Furthermore, to have clinical value, the single integer value of LVEF should be similar among different observers. Thus, education and training on the use of HDU are highly recommended.,, The results of the present study indicate the feasibility of a teaching program integrated with web-based expert interpretation of stored echocardiographic images, which could be ideally delivered also to remote communities. In our experience, our cardiologists tended to underestimate the LVEF, and after the teaching program, we found a significant improvement in accuracy as well as in IOV.
Two previous studies have evaluated the utility of similar learning programs to improve accuracy and IOV of visual estimation of LVEF. Both studies utilized images acquired with standard echocardiographic equipment. With this exercise, Johri et al. demonstrated a reduction in misclassification rate (from 44% before intervention to 21% following intervention) and a 40% reduction in IOV (from ± 14% to ± 8.4%).
With a similar self-directed program, Thavendiranathan et al. obtained a reduction in misclassification (overall from 56% to 47%), in particular for studies with severe LV dysfunction (from 62.7% to 39.5%), and an improvement in IOV (from ± 0.120 to ± 0.097) independent from the level of experience of readers.
Our results confirm these findings and expand the validity of a training program also to the interpretation of images acquired with a HUD, which in general have a lower quality compared to high-end machines. The higher misclassification rate in the current study (61%) can be explained by the lower image quality of HUD compared to standard high-end machines. Yet, our teaching program resulted in a 33% relative reduction of misclassification (from 61% to 41%).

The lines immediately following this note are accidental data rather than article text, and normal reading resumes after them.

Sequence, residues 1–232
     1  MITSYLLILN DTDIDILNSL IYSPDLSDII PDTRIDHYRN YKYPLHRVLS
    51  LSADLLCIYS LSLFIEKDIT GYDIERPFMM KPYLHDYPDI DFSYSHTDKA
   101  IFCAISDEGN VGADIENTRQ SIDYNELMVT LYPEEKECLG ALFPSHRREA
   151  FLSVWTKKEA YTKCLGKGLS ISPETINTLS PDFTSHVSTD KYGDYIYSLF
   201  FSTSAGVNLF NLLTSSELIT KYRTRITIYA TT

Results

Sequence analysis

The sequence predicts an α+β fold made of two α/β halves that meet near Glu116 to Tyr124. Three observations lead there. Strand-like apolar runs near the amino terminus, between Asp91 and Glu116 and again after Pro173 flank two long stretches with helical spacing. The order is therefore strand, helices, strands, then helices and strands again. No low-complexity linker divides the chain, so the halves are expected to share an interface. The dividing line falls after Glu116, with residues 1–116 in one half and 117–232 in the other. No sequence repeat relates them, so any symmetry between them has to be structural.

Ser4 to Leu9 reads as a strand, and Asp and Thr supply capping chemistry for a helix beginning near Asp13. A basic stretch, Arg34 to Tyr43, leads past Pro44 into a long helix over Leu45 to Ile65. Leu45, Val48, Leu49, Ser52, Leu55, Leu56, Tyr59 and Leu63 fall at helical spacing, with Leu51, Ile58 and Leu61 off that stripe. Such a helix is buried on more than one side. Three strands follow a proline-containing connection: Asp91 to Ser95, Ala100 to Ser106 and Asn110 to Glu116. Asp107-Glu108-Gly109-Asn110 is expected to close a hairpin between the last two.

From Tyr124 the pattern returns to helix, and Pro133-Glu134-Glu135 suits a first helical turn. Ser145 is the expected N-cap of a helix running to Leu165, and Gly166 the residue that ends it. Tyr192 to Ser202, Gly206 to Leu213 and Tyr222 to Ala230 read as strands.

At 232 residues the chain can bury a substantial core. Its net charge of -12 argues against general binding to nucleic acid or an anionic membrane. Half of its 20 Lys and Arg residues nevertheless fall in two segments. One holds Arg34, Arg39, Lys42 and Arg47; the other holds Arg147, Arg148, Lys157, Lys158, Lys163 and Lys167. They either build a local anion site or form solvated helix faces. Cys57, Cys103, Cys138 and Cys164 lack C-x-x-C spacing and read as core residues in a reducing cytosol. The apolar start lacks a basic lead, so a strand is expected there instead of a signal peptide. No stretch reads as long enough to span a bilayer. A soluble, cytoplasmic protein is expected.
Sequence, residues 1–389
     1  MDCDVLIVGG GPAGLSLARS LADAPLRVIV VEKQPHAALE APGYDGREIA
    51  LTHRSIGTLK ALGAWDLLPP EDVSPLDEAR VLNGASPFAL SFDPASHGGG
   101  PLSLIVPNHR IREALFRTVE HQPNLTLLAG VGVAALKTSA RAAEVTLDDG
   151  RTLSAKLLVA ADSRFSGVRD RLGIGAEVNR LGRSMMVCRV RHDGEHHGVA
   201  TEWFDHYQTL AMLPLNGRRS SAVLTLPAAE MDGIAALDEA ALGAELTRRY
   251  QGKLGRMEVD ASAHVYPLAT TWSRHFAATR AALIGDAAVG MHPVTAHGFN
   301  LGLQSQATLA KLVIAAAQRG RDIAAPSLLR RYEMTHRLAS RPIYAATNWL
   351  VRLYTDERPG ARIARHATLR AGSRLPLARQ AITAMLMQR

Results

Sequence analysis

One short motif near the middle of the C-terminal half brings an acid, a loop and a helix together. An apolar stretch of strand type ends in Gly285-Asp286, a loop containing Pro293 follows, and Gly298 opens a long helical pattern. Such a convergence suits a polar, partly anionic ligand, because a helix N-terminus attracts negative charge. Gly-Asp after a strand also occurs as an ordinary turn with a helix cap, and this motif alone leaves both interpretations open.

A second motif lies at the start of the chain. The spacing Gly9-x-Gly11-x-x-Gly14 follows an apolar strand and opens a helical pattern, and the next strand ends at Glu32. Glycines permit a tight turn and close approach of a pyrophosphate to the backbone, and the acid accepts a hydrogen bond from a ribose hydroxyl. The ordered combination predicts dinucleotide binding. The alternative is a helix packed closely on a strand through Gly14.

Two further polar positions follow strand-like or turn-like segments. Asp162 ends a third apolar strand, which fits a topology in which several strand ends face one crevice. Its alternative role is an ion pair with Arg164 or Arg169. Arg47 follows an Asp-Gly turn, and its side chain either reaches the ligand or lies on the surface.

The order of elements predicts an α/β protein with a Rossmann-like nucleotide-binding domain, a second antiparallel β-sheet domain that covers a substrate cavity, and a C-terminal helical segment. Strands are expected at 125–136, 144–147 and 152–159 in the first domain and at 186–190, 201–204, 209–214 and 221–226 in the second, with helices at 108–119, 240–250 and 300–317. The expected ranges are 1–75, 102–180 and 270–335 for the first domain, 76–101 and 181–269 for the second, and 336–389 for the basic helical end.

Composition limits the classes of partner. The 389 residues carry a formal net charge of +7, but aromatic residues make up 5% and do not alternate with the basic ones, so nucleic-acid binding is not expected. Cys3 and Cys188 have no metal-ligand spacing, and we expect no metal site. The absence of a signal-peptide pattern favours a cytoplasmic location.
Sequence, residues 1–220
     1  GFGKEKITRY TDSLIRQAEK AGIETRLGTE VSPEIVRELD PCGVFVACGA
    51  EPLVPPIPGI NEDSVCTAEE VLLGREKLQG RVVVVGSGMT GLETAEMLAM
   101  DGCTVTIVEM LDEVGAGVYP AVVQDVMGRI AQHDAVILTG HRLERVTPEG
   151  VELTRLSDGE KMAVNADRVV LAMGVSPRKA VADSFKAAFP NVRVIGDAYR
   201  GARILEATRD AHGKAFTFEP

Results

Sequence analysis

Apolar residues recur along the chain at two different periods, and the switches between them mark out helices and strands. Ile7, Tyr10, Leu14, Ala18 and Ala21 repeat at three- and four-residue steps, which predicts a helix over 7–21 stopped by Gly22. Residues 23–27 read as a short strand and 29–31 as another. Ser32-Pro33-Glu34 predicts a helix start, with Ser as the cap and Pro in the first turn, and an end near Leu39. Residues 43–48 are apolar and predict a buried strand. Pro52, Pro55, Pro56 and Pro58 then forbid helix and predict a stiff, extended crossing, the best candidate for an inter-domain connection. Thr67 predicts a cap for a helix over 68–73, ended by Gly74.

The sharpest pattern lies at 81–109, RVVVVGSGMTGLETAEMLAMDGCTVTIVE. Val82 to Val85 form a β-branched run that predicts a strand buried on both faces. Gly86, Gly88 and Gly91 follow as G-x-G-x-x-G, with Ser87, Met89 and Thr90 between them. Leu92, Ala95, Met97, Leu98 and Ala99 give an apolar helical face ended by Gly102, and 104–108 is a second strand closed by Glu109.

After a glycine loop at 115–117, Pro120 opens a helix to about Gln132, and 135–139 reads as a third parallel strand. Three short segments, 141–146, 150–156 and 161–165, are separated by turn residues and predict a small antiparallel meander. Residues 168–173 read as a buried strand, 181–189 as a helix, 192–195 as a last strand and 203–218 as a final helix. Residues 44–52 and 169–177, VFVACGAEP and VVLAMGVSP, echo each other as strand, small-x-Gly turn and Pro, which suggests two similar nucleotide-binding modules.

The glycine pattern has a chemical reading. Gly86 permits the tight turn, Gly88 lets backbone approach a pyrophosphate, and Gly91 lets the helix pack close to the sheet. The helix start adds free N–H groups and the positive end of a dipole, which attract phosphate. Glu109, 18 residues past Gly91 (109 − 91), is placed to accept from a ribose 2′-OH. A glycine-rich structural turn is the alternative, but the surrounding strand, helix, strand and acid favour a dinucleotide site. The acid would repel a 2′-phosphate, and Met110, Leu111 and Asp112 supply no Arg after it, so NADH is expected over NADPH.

Furthermore, similar to the findings by Thavendiranathan et al., we found a significant improvement in misclassification with the intervention for the severe categories, with no improvement in the mild-to-moderate categories.
Usually, the visual estimate is given as a range rather than a single value; thus, our assessment of the imprecision may be overestimated. However, using the same methodology pre- and post-intervention, we measured the reduction in IOV following the teaching intervention even if there is overestimation in both groups. We did not determine the need of repeated teaching intervention for LVEF assessment; thus, the long-term effect of the teaching program is still questionable. We used LVEF values as determined by expert in a blinded fashion as the reference standard and the variability in the quantification is unknown.
| Conclusions|| |
A teaching intervention can improve the accuracy and the reliability in the visual assessment of LVEF of echocardiographic images acquired with a Handheld Ultrasound Device (HUD). The benefit of the intervention is independent from the level of expertise of the readers. The impact of this study is potentially important in improving reader confidence on the analysis of echocardiographic images obtained with a HUD.
Financial support and sponsorship
Conflicts of interest
There are no conflicts of interest.
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[Figure 1], [Figure 2], [Figure 3]
[Table 1], [Table 2]